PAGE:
unifying would be such a mess. I now thing we will have three classes of
apps: ones written explicitly for BSD Auth, ones written explicitly for
PAM, and ones written for libc/nsswitch. The NetBSD-shipped apps would be
in the latter category, so that one binary distribution could serve as the
basis for both BSD Auth and PAM using instalations.

The difference is that we don't have to unify the full BSD Auth or PAM
APIs, we just have to have an nsswitch API that would cover what our apps
need and could be satisfied by both PAM and BSD Auth; we don't need to
handle the full case of making one look like the other.
Post by Noriyuki Soda
Post by Jun-ichiro itojun Hagino
here's the working code for BSD auth for NetBSD.
Hmmm.
There is a PAM implementation for NetBSD, too.
Why don't you commit the PAM implementation instead?
Post by Jun-ichiro itojun Hagino
now, may i commit?
I think the concensus is that would be premature. While having a
libbsdauth by itself isn't bad, the next step (login support and friends)
really needs to wait for nsswitch support, which in turn needs a unified
BSD Auth/PAM ABI subset. Otherwise we end up possibly hosing users at an
upgrade point.

Take care,

Bill
Todd Vierling
2003-09-11 04:42:25 UTC
Permalink
On Wed, 10 Sep 2003, Bill Studenmund wrote:

: Note: last week I was thinking we would just have to have both, since
: unifying would be such a mess. I now thing we will have three classes of
: apps: ones written explicitly for BSD Auth, ones written explicitly for
: PAM, and ones written for libc/nsswitch. The NetBSD-shipped apps would be
: in the latter category, so that one binary distribution could serve as the
: basis for both BSD Auth and PAM using instalations.

If that were the case, with dynamic nsswitch modules, then neither BSD auth
nor PAM even need to be in the base system. (There's already a growing
pkgsrc PAM module base, and all you'd need would be a package that glues PAM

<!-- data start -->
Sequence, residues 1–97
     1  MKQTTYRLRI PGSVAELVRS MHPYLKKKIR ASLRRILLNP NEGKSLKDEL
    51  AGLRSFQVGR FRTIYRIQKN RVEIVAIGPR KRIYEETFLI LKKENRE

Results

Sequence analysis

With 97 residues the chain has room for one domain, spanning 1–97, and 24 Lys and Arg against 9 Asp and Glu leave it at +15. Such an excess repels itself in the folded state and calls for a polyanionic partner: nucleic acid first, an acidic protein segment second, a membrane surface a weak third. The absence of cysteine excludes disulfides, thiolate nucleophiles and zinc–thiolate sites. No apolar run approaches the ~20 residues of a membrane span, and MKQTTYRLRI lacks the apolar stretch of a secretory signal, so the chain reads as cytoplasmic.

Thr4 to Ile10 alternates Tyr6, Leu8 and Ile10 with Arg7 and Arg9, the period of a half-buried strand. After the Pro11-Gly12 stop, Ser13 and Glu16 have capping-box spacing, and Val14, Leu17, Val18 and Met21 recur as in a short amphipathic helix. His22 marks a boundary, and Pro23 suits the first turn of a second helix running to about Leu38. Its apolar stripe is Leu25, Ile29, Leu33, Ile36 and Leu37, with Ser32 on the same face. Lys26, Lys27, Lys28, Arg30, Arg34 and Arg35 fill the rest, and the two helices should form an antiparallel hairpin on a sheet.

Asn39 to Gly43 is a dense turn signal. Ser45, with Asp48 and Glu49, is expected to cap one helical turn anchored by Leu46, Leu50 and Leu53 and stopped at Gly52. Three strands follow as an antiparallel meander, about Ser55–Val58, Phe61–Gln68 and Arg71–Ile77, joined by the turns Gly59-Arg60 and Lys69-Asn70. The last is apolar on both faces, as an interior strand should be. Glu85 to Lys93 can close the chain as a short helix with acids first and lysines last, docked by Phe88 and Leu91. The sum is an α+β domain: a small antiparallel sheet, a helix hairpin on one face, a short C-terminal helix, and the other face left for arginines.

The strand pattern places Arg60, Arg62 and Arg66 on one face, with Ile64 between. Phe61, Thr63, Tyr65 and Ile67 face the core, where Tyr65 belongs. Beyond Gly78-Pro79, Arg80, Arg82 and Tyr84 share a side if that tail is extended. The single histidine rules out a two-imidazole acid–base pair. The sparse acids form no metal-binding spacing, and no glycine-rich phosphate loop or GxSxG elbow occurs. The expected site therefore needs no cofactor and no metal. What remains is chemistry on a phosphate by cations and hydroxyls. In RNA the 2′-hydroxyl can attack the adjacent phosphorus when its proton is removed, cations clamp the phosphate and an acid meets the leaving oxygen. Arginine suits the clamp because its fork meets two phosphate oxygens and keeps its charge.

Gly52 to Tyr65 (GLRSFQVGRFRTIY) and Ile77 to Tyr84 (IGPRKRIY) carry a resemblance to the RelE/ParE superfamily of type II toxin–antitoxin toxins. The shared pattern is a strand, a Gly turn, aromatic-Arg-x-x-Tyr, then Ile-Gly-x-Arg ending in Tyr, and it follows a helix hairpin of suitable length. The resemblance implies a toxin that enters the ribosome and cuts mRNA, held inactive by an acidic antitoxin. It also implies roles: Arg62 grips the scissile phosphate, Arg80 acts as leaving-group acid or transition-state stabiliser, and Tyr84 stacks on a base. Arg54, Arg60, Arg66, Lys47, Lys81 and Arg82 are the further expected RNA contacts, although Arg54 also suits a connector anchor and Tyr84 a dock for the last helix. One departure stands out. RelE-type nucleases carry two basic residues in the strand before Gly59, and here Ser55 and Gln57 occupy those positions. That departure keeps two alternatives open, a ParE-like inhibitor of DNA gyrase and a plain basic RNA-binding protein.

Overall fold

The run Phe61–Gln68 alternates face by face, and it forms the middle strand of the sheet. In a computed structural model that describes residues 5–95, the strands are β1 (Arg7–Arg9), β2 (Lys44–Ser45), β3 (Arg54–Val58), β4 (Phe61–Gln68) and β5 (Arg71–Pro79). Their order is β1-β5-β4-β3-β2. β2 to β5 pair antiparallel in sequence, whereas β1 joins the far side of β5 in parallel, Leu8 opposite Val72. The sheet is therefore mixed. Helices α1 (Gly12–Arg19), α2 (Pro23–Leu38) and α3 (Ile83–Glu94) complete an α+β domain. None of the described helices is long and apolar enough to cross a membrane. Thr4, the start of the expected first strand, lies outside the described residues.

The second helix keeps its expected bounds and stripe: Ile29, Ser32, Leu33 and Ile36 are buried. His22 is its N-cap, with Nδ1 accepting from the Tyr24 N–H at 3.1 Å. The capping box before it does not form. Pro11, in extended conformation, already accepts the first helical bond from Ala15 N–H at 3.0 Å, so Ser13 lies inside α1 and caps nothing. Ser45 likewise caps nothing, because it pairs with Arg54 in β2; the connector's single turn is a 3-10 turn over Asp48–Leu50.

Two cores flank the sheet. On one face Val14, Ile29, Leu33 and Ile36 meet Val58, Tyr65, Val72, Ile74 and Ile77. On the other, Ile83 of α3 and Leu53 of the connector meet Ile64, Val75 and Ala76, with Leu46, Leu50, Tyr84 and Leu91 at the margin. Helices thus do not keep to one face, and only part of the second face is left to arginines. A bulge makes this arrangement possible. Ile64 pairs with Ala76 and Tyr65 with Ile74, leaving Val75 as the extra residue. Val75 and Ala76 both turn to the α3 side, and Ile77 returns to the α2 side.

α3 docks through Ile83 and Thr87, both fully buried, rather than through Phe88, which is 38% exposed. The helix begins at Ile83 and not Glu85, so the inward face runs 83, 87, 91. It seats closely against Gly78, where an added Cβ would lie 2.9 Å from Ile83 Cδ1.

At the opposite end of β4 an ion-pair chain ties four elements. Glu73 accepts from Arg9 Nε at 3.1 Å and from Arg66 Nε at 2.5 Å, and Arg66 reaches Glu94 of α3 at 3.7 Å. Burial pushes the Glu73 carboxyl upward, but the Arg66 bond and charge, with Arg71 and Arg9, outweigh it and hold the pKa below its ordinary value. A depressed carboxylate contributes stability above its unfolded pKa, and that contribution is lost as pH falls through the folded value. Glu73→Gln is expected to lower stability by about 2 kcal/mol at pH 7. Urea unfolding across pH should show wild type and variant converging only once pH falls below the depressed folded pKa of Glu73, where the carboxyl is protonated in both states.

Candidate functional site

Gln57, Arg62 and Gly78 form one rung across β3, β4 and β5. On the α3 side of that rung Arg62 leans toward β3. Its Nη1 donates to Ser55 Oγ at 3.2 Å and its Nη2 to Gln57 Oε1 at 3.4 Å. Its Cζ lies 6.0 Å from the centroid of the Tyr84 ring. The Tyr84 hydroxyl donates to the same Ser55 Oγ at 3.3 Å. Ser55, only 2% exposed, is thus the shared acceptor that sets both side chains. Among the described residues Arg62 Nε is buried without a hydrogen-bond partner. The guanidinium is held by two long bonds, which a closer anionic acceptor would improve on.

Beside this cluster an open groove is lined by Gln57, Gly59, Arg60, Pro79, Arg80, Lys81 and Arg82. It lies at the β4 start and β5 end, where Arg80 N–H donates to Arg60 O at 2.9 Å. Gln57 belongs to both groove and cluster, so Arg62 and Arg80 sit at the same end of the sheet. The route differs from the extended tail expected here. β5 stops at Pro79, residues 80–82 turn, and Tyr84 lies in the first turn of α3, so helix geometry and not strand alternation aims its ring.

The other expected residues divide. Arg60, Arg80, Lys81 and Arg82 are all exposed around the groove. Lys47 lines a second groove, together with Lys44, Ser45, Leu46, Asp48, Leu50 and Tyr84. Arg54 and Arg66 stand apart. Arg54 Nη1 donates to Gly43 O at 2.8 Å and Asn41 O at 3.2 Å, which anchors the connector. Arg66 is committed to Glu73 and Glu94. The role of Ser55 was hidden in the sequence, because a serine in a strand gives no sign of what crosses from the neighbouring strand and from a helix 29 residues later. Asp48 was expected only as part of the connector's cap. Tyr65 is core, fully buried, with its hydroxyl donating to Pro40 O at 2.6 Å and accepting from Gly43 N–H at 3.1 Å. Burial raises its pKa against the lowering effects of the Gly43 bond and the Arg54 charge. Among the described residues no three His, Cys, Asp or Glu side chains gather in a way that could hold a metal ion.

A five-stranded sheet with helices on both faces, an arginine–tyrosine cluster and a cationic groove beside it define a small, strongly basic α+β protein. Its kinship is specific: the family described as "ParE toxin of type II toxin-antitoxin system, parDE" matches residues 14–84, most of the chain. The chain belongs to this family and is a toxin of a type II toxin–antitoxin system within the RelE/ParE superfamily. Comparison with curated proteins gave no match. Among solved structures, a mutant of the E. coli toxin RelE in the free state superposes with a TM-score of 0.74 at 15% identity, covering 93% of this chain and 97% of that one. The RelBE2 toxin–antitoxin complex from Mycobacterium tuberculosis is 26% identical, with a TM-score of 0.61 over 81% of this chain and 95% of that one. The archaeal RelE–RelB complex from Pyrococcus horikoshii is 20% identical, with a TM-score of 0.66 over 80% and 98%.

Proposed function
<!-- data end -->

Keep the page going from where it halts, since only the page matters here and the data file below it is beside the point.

to the dynamic nsswitch API.)
--
-- Todd Vierling <***@duh.org> <***@pobox.com>
Bill Studenmund
2003-09-11 05:28:12 UTC
Permalink
Post by Todd Vierling
: Note: last week I was thinking we would just have to have both, since
: unifying would be such a mess. I now thing we will have three classes of
: apps: ones written explicitly for BSD Auth, ones written explicitly for
: PAM, and ones written for libc/nsswitch. The NetBSD-shipped apps would be
: in the latter category, so that one binary distribution could serve as the
: basis for both BSD Auth and PAM using instalations.
If that were the case, with dynamic nsswitch modules, then neither BSD auth
nor PAM even need to be in the base system. (There's already a growing
pkgsrc PAM module base, and all you'd need would be a package that glues PAM
to the dynamic nsswitch API.)
True.

Take care,

Bill
Greg A. Woods
2003-09-11 06:50:27 UTC
Permalink
[ On Thursday, September 11, 2003 at 00:42:25 (-0400), Todd Vierling wrote: ]
Subject: Re: BSD auth for NetBSD
If that were the case, with dynamic nsswitch modules, then neither BSD auth
nor PAM even need to be in the base system. (There's already a growing
pkgsrc PAM module base, and all you'd need would be a package that glues PAM
to the dynamic nsswitch API.)
Nsswitch is not sufficient on its own, dynamic or otherwise. It still
leaves us with just a way to pull username/crypted-passwd strings and
the other associated account information from run-time configurable
sources. I.e. it still leaves us stuck with just secret passwords and
many #ifdefs everywhere for anything and everything else. I.e. nsswitch
still needs some way to allow the choice of authentication test to be